Project 52 #41: The Journey

Well, they just sent you around the world, didn’t they?” the airport employee commented as she scanned my travel itinerary. Ketchikan, Seattle, Minneapolis, Charlotte, Houston, Seattle, Ketchikan. I didn’t tell her that there would also be a 3 hour ferry ride to an island before I was actually on home ground again. One big giant coast-to-coast oblong sort of circle over the United States. It’s what you do when you’re trying to use your airline miles to a particular destination within a certain time frame, and it was a wonderful adventure.

I enjoyed experiencing new food. Shopping an ultra-gourmet convenience store at 1 AM in the morning and walking out with pot de creme and pita with tzaziki. A build-your-own doughnut shop. Visiting a patisserie for bites of the most wonderful mont blanc (see the first photo below if you, like me, had never heard of that before) with a real maple syrup and cinnamon latte. North Carolina roadside stand delicacies like apple cider slushies and apple pie ice cream sandwiched between slightly warm snickerdoodle cookies. A birthday dinner on a patio one lovely fall evening, featuring a Mediterranean quinoa bowl with grilled chicken, olive tapanede and crispy chickpeas, and a surprisingly good green smoothie. An almond croissant. An excellent bowl of seafood chowder, properly heavy on the seafood. Cute little bags of airplane pretzels on repeat (okay, so that was sarcastic).

I enjoyed experiencing new places. Spending a 7-hour overnight layover riding the airport metro the full length of the Houston airport and exploring every terminal thoroughly. Trying my hand at the Seattle bus system (stressful, to be honest, but certainly a cultural experience!). The fabulous views of so many beautiful things from the air, like autumn aspens carpeting the Colorado Rockies in gold, the moon rising in a pastel pink sky over Mount Rainier, or the glimmering turquoise of high glacial British Columbia mountain lakes surrounded in snow.

I enjoyed meeting new people. The young man exuberantly enthusiastic for his big plans to solo kayak the Inside Passage for a week. A woman who spoke Norwegian, on her way to Norway. A man who has a youth ministry in Belize and invited me to bring my husband there and “come see what God is doing”. The tiny red-headed girl who wanted to share her Cabbage Patch doll with me, and ended up half sprawled on me for a nap during a 4-hour flight. The lovely older lady who offered me strawberry starts when we both returned to our shared island home. The kind man God mercifully sent to help me carry my over-ambitious shopping tote from the bus to the airport. The lady buying honey bee souvenirs to cheer up a friend undergoing cancer treatments.

One cannot extol the virtues of travel while glossing over the reality of trying to sleep in an airport with loudspeakers going off every ten minutes, lugging the one-too-many bags you wish you hadn’t chosen to carry on, and desperately wishing for a shower after 20+ hours within the airline system. Yet these were minor trials, entirely worth surmounting, in my opinion, for the richness of experience. The world is fallen, cursed; yet the world is still full of beauty, echoes of what once was and what is to come, created things reflecting, unconsciously or consciously, their Creator. It is a gift to see, smell, taste, touch, and listen, catching glimpses of the glory that is to come.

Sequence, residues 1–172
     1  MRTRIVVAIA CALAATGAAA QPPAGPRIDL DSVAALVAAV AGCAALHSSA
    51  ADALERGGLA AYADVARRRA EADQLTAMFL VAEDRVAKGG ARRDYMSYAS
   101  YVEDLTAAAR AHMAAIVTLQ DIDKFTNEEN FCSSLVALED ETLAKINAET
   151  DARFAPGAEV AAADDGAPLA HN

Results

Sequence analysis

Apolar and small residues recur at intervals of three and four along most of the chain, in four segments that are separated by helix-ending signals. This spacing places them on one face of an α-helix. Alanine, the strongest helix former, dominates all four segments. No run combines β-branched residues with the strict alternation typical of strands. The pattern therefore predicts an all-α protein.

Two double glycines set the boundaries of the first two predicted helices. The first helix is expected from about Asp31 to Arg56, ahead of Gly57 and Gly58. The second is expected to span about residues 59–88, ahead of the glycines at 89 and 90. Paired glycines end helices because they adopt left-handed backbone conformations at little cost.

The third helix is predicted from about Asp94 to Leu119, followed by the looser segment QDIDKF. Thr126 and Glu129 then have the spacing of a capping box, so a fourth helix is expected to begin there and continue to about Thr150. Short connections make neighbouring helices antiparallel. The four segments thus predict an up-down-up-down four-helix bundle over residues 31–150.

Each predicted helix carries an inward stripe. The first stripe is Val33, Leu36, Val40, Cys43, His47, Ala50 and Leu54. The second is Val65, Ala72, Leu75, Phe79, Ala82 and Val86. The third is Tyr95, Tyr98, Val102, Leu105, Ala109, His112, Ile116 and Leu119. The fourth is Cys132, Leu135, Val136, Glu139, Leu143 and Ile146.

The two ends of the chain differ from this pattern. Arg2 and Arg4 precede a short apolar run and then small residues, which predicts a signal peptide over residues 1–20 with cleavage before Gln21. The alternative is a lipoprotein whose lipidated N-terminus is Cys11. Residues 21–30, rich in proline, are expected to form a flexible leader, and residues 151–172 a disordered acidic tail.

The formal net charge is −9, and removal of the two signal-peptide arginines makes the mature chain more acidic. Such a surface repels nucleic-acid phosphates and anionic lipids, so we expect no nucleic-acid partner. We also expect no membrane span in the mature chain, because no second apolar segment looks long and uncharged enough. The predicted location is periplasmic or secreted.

“And God saw everything that he had made, and behold, it was very good.” (Genesis 1:31)

“The earth is the Lord’s, and the fullness thereof.” (1 Corinthians 10:26)

“For I consider that the sufferings of this present time are not worth comparing with the glory that is to be revealed to us. For the creation waits with eager longing for the revealing of the sons of God. For the creation was subjected to futility, not willingly, but because of him who subjected it, in hope that the creation itself will be set free from its bondage to corruption and obtain the freedom of the glory of the children of God. For we know that the whole creation has been groaning together in the pains of childbirth until now. And not only the creation, but we ourselves, who have the firstfruits of the Spirit, groan inwardly as we wait eagerly for adoption as sons, the redemption of our bodies.” (Romans 8:18-23)

“But in keeping with God’s promise, we are looking forward to a new heaven and a new earth, where righteousness dwells.” (2 Peter 3:15)

Project 52 #26: Floatplanes and Wildflowers

About the photos: It was a perfectly beautiful week, and we were able to go on multiple excursions to enjoy it! This included a fun and unexpected floatplane landing at the beach where we were swimming, and hike through the land of Giant Skunk Cabbage Leaves to scout out the Forest Service cabin on Control Lake for possible future use. We identified three new-to-me wildflower varieties: northern geranium and red burnet (paired in first picture), and bog candle or tall white bog orchid (picture #7).

“But I have trusted in Your loving devotion; my heart will rejoice in Your salvation. I will sing to the LORD, for He has been good to me.” (Psalm 13:5-6)

Flying

“He who can no longer pause to wonder and stand rapt in awe, is as good as dead; his eyes are closed.”—Albert Einstein

There are some decided advantages to having some firsts in life delayed until you’re well into adulthood. The best part is that for a few fleeting glorious minutes, you can experience a flashback to the sensation of pure childlike wonder. At least that was what it was like for me to fly for the first time at age 35.